But Warnock aims to leverage support from much of the party’s establishment – as well as brutal infighting between Loeffler and U.S. Rep. Doug Collins, her top Republican rival – to land a spot in a likely January runoff to settle the contest.
He has the backing of the political arm of Senate Democrats as well as high-profile Georgia figures, including 2018 gubernatorial nominee Stacey Abrams and several state and federal elected officials.
The endorsement is coveted by Democrats who hope to mobilize women ahead of the November election. The group has more than 100,000 members in Georgia, and many of them were infuriated by the passage of an anti-abortion law last year.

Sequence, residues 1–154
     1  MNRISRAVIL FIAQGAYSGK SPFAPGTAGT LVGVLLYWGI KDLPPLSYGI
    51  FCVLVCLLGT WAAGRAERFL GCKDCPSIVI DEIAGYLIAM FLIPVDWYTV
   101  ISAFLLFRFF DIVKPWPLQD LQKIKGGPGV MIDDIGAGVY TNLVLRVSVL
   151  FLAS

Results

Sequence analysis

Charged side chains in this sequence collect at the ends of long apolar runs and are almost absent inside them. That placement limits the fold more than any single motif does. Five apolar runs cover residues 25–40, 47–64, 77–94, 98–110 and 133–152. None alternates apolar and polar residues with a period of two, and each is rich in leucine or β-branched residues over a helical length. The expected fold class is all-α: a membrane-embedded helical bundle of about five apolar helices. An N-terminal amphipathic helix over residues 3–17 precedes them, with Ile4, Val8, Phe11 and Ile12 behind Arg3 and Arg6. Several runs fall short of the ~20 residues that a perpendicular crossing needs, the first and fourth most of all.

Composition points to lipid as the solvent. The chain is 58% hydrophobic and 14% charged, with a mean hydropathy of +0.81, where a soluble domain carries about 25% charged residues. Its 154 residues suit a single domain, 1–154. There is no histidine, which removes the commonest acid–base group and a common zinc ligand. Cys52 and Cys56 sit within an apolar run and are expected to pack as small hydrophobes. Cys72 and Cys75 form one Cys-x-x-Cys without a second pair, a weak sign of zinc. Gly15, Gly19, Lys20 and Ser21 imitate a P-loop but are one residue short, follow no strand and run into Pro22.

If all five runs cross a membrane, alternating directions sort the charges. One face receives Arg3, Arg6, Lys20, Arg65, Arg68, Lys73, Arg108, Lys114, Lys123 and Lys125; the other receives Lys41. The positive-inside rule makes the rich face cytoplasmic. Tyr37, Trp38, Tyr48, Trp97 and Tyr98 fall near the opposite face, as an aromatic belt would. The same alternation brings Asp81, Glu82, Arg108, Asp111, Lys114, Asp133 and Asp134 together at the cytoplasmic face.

It could also energize Republicans. Planned Parenthood is deeply polarizing for many conservatives, and both Collins and Loeffler have competed over which candidate more strongly supports abortion limits.
Warnock, who worked as a sexual health educator before joining the clergy, has long been a vocal supporter of abortion rights. Dr. Ginger Davis Floyd, a former state health official, recalled his work in college seeking to reduce teenage pregnancy and infant mortality.
“From first-hand experience, I know he is a tremendous advocate for women's health, contraceptive access, and the pro-choice movement,” she said.